NASA’s Mars Rover Landing: When to Watch
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NASA’s Mars Rover Landing: When to Watch

NASA’s latest robot explorers will arrive on Mars on Thursday afternoon, after the third spacecraft arriving later this month from visitors United Arab Emirates And China. Perseverance is led by the rover Jezero Crater, which planet scientists believe may have been an ideal place to find preserved signs of life several billion years ago, if life ever arose on Mars.

But first, NASA’s mission has to come down in one piece.

Touchdowns are likely around 3:55 pm Eastern Time. Nasa television Jet Propulsion Laboratory in California will begin broadcasting coverage from the mission’s control room at 2:15 p.m.

During the descent, the spacecraft will send updates on how it’s doing. Because its main antenna will not point to Earth, its direct communication will be just a series of simple tones.

Alan Chen, the chief engineer for the landing portion of the mission, said during a news conference on Wednesday, “We can tell us different things using those tones.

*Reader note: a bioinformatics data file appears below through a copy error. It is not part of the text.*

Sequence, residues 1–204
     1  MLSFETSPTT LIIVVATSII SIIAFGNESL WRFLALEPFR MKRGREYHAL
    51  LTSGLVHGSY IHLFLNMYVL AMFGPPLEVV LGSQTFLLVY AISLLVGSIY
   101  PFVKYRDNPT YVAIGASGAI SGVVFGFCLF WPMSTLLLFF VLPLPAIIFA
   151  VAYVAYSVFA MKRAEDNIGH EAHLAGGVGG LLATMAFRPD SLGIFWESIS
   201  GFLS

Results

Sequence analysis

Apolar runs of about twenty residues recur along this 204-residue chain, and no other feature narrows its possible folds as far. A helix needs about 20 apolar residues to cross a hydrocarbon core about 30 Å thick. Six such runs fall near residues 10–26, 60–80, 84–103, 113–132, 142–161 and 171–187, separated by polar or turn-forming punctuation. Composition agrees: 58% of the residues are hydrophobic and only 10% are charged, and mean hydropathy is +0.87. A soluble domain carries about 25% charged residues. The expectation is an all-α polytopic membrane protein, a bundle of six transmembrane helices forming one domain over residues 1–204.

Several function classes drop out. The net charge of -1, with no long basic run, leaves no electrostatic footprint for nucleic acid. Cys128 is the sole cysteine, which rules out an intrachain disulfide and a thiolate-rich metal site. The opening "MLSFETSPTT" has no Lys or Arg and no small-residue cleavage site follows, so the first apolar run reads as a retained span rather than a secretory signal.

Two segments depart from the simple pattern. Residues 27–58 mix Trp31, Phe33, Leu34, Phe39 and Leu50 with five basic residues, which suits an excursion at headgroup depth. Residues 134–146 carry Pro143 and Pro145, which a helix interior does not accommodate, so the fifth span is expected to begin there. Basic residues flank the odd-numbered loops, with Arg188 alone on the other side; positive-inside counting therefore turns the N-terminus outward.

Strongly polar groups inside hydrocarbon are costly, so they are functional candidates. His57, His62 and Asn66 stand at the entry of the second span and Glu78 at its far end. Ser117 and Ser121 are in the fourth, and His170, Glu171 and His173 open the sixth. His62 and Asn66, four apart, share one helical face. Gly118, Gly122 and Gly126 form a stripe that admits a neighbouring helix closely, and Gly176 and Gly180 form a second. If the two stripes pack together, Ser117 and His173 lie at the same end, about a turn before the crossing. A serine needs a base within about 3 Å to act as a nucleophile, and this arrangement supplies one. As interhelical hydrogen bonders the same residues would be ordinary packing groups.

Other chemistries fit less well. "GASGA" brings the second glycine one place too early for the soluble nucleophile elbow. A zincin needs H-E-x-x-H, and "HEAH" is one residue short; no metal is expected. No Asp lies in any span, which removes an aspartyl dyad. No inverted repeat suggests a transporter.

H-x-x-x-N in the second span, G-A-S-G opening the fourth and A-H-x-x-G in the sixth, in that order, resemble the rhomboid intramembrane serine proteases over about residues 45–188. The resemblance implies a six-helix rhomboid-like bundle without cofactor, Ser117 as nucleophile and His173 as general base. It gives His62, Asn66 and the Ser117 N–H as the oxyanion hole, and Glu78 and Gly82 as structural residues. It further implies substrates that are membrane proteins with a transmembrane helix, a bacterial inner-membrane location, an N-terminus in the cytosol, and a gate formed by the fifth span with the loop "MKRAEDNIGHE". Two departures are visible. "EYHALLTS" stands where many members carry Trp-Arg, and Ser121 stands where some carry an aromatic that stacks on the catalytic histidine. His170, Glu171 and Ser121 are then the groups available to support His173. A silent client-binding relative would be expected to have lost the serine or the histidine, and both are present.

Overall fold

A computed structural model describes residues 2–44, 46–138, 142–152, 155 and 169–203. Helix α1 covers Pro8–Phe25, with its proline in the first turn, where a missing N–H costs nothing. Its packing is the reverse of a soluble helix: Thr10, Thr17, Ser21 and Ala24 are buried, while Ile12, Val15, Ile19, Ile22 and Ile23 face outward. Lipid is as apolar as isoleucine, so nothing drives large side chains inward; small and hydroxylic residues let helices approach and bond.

It is possible that NASA will send some pictures back from the surface via the Mars Reconnaissance Orbiter, but they may take hours to arrive. “If we can do that, that’s golden,” said Jennifer Trosper, deputy project manager for the mission.

In short, Rosa must stop at a full stop of more than 12,000 mph while being called a “seven-minute panic” for the duration of Rosa’s landing. There is no chance to do it. The path of persistence will intersect with the surface of Mars. The only question is whether the rover will end in one piece, ready to begin its mission, or break into several pieces.